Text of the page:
A much lighter prank concerned Prince Charles. The prince is a collector of art, but his critical eye failed to spot the fact that he was hanging up counterfeit paintings in his own home!
After Charles restored Dumfries House in Scotland, he hung up three paintings loaned to him by disgraced British socialite James Stunt. The three paintings were allegedly created by Dali, Picasso, and Monet, and the Daily Mail reports they were insured for $134 million.
Unfortunately, the paintings were all creations of expert American art forger Tony Tetro, who made and gave them to Stunt for fun. In turn, Stunt gave them to Prince Charles. There was no real legal fallout to this prank, though many raised their eyebrows at the fact that Charles was working with someone as suspect as Stunt, who recently plead not guilty to money laundering and forgery charges.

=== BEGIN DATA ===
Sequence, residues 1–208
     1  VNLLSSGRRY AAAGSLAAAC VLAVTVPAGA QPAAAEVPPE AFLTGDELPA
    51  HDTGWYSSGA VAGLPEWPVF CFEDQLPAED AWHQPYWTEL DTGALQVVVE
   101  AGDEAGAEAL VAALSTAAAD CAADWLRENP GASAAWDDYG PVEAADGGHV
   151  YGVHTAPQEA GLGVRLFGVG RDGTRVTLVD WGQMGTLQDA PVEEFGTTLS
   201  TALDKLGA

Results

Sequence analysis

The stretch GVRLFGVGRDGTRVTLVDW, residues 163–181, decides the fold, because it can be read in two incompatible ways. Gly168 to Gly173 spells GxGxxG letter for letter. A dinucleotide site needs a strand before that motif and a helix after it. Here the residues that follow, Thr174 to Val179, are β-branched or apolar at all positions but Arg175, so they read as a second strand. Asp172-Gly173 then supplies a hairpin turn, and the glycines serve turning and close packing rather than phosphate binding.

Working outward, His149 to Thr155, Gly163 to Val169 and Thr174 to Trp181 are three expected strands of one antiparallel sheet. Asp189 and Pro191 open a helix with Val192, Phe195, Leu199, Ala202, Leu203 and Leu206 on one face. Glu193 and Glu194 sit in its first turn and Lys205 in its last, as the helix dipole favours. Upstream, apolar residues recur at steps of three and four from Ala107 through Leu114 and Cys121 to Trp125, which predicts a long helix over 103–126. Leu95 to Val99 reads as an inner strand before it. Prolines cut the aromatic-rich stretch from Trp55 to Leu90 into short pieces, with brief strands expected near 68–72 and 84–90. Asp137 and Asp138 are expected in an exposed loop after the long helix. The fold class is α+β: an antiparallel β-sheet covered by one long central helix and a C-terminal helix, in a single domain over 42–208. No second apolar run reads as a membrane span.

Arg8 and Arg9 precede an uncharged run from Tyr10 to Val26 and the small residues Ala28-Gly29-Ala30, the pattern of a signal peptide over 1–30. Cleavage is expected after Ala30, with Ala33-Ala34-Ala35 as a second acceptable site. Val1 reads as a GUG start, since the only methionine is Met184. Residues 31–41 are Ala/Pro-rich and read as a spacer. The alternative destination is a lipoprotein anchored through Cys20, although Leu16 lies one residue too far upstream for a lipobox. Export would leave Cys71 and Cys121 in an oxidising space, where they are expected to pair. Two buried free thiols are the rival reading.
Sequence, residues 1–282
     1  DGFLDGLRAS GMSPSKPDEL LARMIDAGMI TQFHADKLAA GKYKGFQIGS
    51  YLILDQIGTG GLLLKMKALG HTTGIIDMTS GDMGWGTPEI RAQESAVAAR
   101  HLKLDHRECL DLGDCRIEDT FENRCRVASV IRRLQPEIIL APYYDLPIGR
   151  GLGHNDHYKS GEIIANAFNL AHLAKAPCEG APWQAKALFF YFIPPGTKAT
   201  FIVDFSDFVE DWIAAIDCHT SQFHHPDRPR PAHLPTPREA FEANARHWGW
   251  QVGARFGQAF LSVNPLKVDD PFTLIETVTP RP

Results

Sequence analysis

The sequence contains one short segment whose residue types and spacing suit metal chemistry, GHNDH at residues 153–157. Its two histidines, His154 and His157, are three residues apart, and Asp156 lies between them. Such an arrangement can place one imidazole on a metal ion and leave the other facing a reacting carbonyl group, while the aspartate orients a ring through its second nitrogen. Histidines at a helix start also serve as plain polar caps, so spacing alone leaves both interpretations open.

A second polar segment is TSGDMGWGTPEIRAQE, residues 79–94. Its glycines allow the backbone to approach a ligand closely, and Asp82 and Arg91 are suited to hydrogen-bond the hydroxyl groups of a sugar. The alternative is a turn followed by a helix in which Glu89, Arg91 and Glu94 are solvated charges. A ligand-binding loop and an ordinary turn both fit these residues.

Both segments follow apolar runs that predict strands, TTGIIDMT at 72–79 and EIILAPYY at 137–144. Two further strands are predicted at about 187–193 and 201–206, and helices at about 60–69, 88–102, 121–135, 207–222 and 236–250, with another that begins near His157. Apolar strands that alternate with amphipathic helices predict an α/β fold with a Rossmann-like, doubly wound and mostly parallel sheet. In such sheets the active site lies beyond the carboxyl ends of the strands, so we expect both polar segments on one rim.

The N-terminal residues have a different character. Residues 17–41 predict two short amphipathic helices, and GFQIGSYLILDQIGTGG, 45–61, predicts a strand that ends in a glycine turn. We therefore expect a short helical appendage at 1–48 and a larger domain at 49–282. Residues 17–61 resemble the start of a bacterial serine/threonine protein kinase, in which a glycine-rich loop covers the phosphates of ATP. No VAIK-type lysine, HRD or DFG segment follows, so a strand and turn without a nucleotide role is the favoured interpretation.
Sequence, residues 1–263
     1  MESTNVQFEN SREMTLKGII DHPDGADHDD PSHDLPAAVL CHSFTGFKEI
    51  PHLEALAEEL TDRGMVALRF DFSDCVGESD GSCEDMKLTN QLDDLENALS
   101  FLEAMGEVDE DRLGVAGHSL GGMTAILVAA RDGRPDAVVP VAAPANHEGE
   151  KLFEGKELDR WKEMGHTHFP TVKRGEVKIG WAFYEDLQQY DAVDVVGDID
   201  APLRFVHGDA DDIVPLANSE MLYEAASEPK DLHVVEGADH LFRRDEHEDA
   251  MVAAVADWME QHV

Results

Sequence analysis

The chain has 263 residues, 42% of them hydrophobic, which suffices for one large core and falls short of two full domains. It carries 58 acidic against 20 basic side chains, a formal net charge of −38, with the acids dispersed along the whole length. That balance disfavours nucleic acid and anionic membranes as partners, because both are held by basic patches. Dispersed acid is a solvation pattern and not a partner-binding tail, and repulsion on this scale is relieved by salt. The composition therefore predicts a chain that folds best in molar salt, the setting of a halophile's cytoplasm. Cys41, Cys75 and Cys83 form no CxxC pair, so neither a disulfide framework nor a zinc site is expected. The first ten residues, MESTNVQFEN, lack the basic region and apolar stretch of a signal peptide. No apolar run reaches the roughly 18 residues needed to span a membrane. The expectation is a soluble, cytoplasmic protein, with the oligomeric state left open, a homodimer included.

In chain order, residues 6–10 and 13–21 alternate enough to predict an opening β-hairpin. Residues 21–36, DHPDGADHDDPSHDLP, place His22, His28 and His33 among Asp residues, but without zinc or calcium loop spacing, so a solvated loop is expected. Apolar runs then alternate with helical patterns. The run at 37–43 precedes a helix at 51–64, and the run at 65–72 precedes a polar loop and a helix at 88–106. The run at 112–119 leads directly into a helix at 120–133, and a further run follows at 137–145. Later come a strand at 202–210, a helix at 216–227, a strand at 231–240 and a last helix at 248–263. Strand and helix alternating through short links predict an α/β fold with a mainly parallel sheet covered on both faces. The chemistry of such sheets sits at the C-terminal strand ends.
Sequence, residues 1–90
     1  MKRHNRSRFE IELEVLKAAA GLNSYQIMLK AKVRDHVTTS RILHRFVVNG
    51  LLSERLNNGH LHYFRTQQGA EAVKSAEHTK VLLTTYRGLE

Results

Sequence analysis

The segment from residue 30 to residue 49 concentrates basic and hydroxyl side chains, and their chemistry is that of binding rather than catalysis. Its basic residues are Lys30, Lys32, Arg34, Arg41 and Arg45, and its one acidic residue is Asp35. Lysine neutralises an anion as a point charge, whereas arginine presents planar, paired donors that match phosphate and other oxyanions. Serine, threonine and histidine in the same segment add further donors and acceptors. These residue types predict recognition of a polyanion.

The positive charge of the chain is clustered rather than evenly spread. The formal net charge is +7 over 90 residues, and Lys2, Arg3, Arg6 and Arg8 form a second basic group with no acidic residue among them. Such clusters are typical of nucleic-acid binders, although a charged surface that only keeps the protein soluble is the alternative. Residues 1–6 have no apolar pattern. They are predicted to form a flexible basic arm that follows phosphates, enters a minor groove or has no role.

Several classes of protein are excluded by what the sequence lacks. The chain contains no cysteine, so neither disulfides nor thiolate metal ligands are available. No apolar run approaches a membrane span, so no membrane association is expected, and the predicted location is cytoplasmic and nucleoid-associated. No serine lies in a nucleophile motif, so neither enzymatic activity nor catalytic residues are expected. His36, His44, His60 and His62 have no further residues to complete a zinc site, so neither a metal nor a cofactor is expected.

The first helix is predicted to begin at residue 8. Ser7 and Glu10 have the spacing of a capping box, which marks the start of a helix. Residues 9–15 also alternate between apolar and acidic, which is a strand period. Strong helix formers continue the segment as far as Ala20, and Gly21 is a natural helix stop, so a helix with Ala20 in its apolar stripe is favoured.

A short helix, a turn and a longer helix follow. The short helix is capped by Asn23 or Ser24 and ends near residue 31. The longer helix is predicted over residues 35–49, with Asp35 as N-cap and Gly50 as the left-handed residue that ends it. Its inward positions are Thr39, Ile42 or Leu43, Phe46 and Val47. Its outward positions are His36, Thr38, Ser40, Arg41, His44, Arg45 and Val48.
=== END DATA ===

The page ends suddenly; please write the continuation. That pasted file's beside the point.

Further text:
Princess Diana was pranked called by “Stephen Hawking”
Some pranks only came to light decades after they happened. For example, veteran British radio personality Victor Lewis-Smith called Princess Diana in 1996 pretending to be Stephen Hawking. He recorded it for a series of spoof interviews for Radio 1, but didn’t end up releasing it in its entirety until nearly 20 years later.
The Telegraph reports that the prankster had to leave a message the first time but that Diana called back days later. In Hawking’s robotic voice, Lewis-Smith pretended to tell a PR person, “Get the Princess on the line now or I’ll knock your teeth so far.”